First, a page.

Investors turning to safe-haven bullion and soaring demand for scrap metal helped push Australian export prices higher during a COVID-affected March quarter, but this was offset by softer petrol demand amid widespread lockdowns.
The nation’s export price index rose by 2.7 per cent for the three months to March 31, swinging from a 5.2 per cent decline in December when increased global supply of coal, metalliferous ores and metal scrap had compounded subdued demand from China.
Data released by the Australian Bureau of Statistics on Thursday showed the main contributors to the quarterly export price uptick was gold – with yellow metal prices up 11.4 per cent.
The ABS attributed this to increased demand for the safe-haven commodity as a result of global economic uncertainty.
The price of gold shipments have now risen 31.9 per cent through the year to March.
Meanwhile, prices on metalliferous ores and metal scrap exports rose 2.3 per cent for the quarter due to constrained global supply.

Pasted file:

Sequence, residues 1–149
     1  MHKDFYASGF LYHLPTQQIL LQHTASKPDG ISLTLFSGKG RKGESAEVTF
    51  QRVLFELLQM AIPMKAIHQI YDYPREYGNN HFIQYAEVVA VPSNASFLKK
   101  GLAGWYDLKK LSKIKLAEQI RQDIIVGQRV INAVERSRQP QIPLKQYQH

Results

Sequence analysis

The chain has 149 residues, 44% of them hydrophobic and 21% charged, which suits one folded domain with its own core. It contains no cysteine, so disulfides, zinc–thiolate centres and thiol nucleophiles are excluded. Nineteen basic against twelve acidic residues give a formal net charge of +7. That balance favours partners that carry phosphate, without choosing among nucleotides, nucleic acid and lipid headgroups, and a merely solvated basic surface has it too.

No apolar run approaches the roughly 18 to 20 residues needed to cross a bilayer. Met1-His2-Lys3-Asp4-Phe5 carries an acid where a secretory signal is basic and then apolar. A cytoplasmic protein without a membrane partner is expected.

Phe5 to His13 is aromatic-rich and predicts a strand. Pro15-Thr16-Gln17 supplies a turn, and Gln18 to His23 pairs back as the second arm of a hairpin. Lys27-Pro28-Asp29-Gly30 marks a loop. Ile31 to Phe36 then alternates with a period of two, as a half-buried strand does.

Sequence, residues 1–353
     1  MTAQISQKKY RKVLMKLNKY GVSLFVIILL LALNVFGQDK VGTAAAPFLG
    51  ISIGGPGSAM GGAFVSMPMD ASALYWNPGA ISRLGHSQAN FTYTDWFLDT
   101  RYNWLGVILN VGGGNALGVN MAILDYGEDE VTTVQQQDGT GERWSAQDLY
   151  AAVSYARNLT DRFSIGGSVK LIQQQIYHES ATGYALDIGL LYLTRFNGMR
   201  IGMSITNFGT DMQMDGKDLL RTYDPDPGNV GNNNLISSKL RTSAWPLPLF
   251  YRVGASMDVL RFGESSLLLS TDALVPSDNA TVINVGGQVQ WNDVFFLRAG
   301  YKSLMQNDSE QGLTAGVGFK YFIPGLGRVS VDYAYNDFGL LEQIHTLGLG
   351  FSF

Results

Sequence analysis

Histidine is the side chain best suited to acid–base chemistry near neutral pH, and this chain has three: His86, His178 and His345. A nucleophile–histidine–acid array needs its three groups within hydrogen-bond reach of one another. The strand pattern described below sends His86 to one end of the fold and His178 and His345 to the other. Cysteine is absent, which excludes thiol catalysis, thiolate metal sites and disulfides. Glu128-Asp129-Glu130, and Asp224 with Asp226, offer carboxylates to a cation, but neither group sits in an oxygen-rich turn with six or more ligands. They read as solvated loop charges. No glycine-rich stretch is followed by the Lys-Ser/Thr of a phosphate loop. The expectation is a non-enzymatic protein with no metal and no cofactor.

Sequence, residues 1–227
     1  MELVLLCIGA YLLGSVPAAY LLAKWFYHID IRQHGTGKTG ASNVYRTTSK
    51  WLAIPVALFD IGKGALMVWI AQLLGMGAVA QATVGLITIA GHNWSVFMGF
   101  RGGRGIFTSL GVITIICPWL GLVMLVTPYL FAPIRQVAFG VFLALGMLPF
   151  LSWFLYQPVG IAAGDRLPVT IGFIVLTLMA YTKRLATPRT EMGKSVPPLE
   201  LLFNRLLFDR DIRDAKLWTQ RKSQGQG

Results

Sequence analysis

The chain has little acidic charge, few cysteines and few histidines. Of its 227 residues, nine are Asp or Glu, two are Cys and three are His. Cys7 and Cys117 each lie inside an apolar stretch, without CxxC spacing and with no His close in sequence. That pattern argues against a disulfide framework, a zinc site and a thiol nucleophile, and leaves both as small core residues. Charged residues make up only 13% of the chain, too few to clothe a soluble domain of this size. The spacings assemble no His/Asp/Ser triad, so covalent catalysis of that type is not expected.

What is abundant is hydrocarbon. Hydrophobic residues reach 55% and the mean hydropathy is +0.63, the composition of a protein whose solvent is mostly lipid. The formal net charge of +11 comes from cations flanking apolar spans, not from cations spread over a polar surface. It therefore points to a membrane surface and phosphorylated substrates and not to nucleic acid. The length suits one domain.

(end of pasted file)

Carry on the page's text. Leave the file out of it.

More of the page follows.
The extended Chinese New Year COVID shutdown and wide-reaching transport restrictions prompted a stronger reliance on imported iron ore to the mainly coastal-based steel mills.
Offsetting this was a 7.8 per cent drop in petrol export prices due to decreased global demand as countries began to shut down and put major transport restrictions in place to stop the spread of COVID-19.
Petrol was also a major contributor to the quarterly import price index falling 1.0 per cent.
Petroleum, petroleum products and related materials were down by 11.1 per cent, while inorganic chemicals imports were down 11.8 per cent, driven by a fall in demand for sodium hydroxide, an input into a number of manufacturing processes.
Gold import prices were higher, up 11.2 per cent for the quarter and 31.7 per cent for the 12 months to March.
Road vehicle import prices fell 0.6 per cent due to a continuing decrease in global demand.